Populating the circuit board was very trivial. They did warn you about the transistors, which is good – I have a grounding strap so I used it. But it really was just insert-into-holes-solder-on-backside work. The instructions do walk you through technique, so if you’re new to this, the detail they provide is nice.

The only surprise was that my serial number was in the series that needed a small mod to the circuit – instructions were in a service bulletin. This was only an issue with some of the units in my run, so this may’ve been optional, but I went ahead and did it. It just consists of adding a second resistor in parallel to the included one.

Assembling the piezo pickup is probably the closest part of any of this to being difficult. First – and I’m a little confused about this – you attach the double-sided tape to the back of the disc, and trim it. This doesn’t seem to have any function and I’m not 100% convinced this isn’t an error in the instructions.

Then the red wires which come already attached have to be removed, and replaced with leads from the shielded cable they provide with the kit. That involves stripping the end of the multi-lead cable, bundling the shield together into a connector, and stripping the ends of the other two wires.

The two central wires get attached to the piezo disc, exactly where these are attached:

Then you put a layer of electric tape on either side of the discs (for electrical isolation, which makes the double-sided tape redundant, which, again – instruction error?), then wrap the whole thing in the provided copper tape. It’s important to make sure the bottom side – which is how it attaches to instruments – stays very flat:

Then that aforementioned shield ground is soldered to the copper tape. Also, you should make sure the joins on the copper tape are nice and conductive, which means lots of weird-looking not-actually-random solder spots.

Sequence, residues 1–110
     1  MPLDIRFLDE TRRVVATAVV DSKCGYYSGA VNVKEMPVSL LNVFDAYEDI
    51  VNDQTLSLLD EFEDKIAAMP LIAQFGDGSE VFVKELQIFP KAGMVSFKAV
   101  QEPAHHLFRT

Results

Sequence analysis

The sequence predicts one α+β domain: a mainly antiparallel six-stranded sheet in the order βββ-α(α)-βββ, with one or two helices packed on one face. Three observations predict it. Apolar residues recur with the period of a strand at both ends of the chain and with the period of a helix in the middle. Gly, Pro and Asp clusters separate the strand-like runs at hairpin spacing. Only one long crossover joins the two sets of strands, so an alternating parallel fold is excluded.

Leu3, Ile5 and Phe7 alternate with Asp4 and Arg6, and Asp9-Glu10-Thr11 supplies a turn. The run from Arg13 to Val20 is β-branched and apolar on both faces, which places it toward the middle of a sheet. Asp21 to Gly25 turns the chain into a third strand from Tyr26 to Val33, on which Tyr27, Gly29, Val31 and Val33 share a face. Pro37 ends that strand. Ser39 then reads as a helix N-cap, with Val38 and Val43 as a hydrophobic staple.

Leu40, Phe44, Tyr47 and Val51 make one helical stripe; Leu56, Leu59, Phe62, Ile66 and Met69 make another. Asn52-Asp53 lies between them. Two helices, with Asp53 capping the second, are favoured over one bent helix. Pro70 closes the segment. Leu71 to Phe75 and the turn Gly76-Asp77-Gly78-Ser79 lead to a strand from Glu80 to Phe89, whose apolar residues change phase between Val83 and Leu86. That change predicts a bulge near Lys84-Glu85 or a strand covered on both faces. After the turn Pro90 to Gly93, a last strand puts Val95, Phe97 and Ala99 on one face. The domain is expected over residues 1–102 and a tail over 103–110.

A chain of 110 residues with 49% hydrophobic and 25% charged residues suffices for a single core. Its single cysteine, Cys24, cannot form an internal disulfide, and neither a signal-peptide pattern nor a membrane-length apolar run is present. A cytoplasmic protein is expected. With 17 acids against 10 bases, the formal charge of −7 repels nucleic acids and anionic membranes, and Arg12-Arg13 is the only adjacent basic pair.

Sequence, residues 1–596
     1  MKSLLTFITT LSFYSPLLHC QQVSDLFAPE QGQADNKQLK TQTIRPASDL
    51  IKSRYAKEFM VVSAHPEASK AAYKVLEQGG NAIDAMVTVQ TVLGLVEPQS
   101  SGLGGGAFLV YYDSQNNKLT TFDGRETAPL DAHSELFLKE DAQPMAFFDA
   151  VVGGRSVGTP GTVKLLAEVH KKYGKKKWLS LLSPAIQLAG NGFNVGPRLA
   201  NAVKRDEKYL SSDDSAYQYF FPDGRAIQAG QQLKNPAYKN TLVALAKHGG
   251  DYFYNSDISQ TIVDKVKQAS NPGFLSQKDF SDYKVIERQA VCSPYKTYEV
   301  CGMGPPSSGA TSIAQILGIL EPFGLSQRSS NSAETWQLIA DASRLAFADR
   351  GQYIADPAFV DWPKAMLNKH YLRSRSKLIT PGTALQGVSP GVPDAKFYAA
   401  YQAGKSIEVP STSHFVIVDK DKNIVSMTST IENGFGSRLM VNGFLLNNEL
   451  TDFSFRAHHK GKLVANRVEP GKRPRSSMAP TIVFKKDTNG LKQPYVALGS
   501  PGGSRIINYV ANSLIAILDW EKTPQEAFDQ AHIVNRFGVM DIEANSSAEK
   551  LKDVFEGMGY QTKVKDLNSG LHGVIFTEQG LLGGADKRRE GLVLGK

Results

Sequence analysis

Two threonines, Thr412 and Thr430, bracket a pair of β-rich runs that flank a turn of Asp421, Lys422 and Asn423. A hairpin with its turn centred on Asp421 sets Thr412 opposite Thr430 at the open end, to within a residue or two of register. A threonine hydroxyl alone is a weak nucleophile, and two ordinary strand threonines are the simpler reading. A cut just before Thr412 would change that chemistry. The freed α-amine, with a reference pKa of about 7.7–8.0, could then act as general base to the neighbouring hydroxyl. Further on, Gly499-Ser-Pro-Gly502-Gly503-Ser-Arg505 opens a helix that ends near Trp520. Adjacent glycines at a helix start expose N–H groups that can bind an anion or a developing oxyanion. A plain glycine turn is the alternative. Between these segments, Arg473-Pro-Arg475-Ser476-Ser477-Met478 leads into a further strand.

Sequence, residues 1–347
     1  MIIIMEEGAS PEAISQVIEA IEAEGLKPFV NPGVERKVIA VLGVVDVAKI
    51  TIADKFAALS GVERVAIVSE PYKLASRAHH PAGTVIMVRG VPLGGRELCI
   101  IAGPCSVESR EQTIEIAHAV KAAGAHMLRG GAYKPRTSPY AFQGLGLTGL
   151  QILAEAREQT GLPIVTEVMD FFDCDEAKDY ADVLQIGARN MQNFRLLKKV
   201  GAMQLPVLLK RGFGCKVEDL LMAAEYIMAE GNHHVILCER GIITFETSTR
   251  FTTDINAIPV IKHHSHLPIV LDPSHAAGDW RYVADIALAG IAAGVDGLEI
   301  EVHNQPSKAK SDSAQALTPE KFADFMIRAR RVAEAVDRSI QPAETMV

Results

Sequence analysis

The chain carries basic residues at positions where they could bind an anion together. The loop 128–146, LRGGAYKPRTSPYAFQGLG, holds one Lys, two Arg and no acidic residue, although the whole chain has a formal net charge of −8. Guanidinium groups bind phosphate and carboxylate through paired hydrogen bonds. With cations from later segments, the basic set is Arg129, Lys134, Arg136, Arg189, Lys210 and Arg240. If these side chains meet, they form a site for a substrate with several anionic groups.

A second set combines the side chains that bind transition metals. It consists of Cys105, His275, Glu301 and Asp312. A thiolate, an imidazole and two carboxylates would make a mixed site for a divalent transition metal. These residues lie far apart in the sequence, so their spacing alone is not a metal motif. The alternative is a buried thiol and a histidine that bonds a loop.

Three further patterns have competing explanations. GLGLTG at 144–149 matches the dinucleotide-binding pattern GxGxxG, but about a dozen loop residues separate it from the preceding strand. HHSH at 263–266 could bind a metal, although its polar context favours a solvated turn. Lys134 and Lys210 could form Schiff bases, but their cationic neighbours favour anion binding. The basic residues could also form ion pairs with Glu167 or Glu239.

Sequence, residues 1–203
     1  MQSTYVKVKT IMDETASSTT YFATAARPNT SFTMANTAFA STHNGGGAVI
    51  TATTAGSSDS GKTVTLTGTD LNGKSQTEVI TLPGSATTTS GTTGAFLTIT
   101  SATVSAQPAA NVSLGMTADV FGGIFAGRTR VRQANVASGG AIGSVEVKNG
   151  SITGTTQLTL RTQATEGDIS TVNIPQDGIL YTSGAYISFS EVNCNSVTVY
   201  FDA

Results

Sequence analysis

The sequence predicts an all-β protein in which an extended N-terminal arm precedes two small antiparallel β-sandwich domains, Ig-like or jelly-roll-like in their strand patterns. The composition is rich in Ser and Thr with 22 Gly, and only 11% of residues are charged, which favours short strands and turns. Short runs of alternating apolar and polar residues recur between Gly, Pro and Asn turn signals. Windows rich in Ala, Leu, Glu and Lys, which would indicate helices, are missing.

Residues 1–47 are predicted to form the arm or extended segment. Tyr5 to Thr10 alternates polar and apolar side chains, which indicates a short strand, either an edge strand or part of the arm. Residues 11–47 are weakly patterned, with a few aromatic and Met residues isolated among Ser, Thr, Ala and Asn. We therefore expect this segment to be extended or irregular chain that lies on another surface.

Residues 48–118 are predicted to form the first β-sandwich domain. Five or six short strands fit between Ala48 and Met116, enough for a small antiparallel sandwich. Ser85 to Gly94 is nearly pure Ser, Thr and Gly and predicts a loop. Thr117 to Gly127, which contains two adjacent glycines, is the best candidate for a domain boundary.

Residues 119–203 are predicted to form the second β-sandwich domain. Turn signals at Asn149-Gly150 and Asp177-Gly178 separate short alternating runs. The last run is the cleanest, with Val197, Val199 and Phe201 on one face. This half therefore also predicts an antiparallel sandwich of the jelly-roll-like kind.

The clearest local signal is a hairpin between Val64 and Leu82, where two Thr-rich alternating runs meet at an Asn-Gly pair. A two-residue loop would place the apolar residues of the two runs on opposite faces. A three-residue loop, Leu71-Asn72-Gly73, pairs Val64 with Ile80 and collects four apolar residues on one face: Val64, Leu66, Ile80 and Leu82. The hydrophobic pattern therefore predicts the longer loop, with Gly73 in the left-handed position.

Shielding is pretty important in applications like this, because you’re dealing with small signals at the pickup, no matter what. So it’s important to get that right, and right throughout. Which is why the circuit board gets mounted inside the tin which is provided with the kit.

Drilling that tin was the biggest problem I had, honestly. You need a 3/8″ drill bit, and I didn’t have one of those, so I had to go buy one. And I bought a nice one that was supposed to be super-good at drilling smooth holes in metal. That did not go well, but since that’s not the kit’s fault, I’ll not dwell on it. Anyway, I managed to hide the damage.

The next step is connecting a ground connection on the board to the tin itself. Again, not difficult, but important – what you’re doing is grounding the entire circuit and pickup, to block radio frequency noise. That connection is in the upper right, here:

Once you’ve done that you bring in the wires from the XLR connector, to attach to the circuit board. Those wires are also shown in the picture above. Then on the other side of the board, you do the same thing with the leads from the piezo pickup, just like that:

…and screw the board down inside the tin. There’s a spacer to keep the board from touching the metal case, which is now a shield housing.